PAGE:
A group of tourists visiting from the Dominican Republic got the shock of their lives Sunday when they bumped into two of Latin media’s most iconic faces while walking in the Ein Kerem village in Jerusalem. The tourists screamed in disbelief as famed Univision TV hosts, Don Francisco and Raul De Molina, posed for pictures with them.

“Just imagine all these people posting pictures to Facebook saying they met these guys in Israel,” said Irwin Katsof, director of America’s Voices in Israel, the organization responsible for bringing the stars here. “That’s why this is so important.”

AVI, a division of the Conference of Presidents of Major American Jewish Organizations, is dedicated to bringing stars to visit Israel in an effort to help boost tourism. Previous participants included cast members from “Scandal,” “Once Upon A Time,” “House,” “Twilight,” and “Grey’s Anatomy.”

This time, the sponsors, who are primarily AVI board members, paid an estimated $40,000 each to send five major names in Latin media to Israel. Among them was Don Francisco, the Chilean host of Univision’s “Sábado Gigante,” the longest-running entertainment program in history. Other members included famous TV host Raul “El Gordo” De Molina; Daniel Coronell, senior vice president of Univision; Gabriel Abaroa Jr., president and CEO of the Latin Academy of Recording Arts and Sciences; and Ramón J. Pineda, the general manager of Univision.

Francisco also happens to be Jewish; he changed his name from the Jewish-sounding Mario Kreutzberger when he started doing stand-up comedy acts in Miami more than 50 years ago.

Don Francisco, aka Mario Kreutzberger, the Jewish-Hispanic host of Univision's 'Sábado Gigante' (Courtesy Univision)

Don Francisco, aka Mario Kreutzberger, the Jewish-Hispanic host of Univision’s ‘Sábado Gigante’ (Courtesy Univision)

“I never wanted to give up my Jewish name, but nobody could remember me,” Francisco said over lunch. “But I’m always promoting Jewish culture whenever I can.”

The child of Holocaust survivors from Germany, Francisco said he and his wife host Shabbat dinners every Friday at their home in Miami. He and fellow Univision news host, De Molina, shared Shabbat dinner together on Friday, with a group of about 150 Jewish students from America and Israel at a private home in David’s Village, a residential enclave opposite Jerusalem’s Old City.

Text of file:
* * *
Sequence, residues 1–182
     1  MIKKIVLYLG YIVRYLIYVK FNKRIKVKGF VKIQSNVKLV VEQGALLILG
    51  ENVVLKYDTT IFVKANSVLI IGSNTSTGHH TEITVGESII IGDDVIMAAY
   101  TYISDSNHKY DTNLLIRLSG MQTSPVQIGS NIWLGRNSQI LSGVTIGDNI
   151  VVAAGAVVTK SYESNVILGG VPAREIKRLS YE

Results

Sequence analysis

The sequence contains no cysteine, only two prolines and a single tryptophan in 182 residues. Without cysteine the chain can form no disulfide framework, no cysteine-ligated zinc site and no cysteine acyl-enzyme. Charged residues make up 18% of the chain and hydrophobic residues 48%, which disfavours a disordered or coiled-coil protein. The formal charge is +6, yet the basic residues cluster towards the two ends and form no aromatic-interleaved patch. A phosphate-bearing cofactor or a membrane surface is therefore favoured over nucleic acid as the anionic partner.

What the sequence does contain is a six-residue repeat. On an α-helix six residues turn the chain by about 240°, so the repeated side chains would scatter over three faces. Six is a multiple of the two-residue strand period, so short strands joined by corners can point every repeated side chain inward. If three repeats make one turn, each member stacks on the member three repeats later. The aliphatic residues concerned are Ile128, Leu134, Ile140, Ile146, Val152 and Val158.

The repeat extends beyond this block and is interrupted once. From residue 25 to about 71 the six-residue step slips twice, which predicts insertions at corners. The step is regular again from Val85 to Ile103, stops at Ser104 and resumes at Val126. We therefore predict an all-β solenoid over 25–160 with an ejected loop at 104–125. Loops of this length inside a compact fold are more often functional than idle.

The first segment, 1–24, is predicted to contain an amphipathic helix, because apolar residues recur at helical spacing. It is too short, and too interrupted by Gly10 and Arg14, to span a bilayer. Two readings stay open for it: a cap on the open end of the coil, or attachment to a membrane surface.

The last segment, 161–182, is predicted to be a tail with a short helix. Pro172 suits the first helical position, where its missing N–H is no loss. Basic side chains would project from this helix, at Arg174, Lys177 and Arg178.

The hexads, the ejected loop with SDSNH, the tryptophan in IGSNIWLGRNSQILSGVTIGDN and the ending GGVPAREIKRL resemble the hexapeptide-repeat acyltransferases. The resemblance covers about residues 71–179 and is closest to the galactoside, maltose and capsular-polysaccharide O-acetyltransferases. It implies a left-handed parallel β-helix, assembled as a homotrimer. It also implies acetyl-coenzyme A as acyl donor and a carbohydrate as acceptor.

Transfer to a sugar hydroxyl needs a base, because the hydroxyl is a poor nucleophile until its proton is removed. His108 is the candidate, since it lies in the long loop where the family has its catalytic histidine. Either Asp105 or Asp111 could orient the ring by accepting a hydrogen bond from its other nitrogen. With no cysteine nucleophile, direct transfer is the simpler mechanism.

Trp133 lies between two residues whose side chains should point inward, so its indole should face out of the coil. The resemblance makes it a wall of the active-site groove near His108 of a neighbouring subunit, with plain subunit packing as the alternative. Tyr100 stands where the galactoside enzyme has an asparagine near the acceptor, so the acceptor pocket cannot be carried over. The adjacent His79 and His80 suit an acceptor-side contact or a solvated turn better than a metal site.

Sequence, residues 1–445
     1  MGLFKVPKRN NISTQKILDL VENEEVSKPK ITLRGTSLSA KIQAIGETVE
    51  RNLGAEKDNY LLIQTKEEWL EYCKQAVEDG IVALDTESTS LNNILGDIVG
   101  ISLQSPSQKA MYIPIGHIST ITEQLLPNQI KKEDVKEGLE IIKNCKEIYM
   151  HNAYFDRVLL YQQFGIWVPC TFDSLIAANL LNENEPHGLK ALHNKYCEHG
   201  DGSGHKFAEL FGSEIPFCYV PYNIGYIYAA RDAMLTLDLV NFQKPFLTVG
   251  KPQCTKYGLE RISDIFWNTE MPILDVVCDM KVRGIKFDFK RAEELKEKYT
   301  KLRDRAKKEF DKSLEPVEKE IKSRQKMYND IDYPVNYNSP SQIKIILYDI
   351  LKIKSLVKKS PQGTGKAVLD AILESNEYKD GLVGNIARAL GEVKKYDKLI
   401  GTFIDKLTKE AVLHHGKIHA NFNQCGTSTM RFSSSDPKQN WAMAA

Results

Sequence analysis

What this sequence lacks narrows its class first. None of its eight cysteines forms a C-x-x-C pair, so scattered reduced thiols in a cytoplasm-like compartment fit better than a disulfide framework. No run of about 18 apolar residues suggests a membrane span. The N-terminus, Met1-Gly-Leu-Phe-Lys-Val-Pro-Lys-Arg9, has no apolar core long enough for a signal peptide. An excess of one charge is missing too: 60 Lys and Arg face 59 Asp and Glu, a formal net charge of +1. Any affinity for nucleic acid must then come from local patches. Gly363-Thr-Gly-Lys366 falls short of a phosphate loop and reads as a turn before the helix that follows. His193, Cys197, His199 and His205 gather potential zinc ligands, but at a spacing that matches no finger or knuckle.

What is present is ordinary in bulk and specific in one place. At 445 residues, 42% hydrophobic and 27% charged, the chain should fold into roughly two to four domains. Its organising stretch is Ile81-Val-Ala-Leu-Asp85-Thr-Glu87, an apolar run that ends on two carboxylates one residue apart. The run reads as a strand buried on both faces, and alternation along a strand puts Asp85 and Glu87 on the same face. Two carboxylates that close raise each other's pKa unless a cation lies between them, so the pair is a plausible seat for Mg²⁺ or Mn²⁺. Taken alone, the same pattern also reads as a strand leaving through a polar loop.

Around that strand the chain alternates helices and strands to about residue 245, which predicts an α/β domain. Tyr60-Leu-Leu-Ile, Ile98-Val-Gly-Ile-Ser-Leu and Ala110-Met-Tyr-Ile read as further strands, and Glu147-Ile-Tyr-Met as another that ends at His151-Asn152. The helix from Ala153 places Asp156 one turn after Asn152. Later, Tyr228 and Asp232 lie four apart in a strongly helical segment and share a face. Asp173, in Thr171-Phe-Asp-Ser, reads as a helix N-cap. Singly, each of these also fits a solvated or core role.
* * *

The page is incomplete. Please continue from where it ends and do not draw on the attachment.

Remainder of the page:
“When you come as a tourist, you don’t get to experience that kind of tradition,” said De Molina, a Cuban-born star who visited Israel with his wife two years ago. “And of course, you learn more about the country that way.”

Learning more about the country is what AVI’s Katsof and team of sponsors are aiming for. The group has bankrolled five trips a year for the past three years, with the intention of attracting tourists who wouldn’t necessarily visit Israel without the incentive of a free trip.

Yet Katsof has repeatedly said on each trip that nothing can promote Israel better than having household names visit and fall in love with the country themselves.

Millie Magid, a Spanish AVI board member from New York who converted to Judaism 31 years ago, said there are many misconceptions of Israel that can only be broken by actually visiting the country. When she first visited 30 years ago, she grew to have a particular appreciation for the military.

“At first I was scared, then I realized these are young people out there to protect me,” Magid said. “After that, I wanted to share with everyone what I saw.”

Actors from 'Scandal' and 'Once Upon A Time' meeting with former ambassador Gideon Meir during the last AVI trip (Courtesy AVI)

Actors from ‘Scandal’ and ‘Once Upon A Time’ meeting with former ambassador Gideon Meir during the last AVI trip (Courtesy AVI)

In Israel until Thursday, the TV stars and executives will visit all the major tourist spots in Israel  while paying special attention to the Christian sites that are significant to Hispanic culture. They will also have briefings with several governmental figures in order to gain a fuller understanding of Israel from a political and diplomatic perspective.

Katsof said he hopes De Molina will spread the word about his travels to his nearly 950,000 followers on Twitter, most of whom are Hispanic.

“That’s an audience that would be very difficult to reach through traditional media,” he said. “Their ability to impact tens of thousands of people is just so incremental that it’s a tremendous use for us.”